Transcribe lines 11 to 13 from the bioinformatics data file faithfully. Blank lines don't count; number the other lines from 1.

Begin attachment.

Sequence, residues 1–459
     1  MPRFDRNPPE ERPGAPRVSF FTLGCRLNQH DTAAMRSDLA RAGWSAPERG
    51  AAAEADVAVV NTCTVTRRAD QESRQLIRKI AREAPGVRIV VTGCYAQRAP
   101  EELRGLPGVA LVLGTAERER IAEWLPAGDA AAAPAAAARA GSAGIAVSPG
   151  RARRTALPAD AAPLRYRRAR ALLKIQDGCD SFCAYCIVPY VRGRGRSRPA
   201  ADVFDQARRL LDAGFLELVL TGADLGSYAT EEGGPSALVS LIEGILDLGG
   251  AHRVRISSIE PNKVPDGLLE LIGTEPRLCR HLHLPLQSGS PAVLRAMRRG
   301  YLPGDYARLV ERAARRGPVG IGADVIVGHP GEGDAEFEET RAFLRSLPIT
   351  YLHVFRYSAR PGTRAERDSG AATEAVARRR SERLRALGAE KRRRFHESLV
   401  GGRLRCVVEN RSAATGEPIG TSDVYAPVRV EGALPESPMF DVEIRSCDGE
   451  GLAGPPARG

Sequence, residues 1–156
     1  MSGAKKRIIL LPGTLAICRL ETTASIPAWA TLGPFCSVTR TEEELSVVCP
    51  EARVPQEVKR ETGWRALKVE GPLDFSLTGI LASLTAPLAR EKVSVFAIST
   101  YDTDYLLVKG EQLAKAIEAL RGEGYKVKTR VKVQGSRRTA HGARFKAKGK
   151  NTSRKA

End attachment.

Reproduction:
   451  GLAGPPARG

Sequence, residues 1–156
     1  MSGAKKRIIL LPGTLAICRL ETTASIPAWA TLGPFCSVTR TEEELSVVCP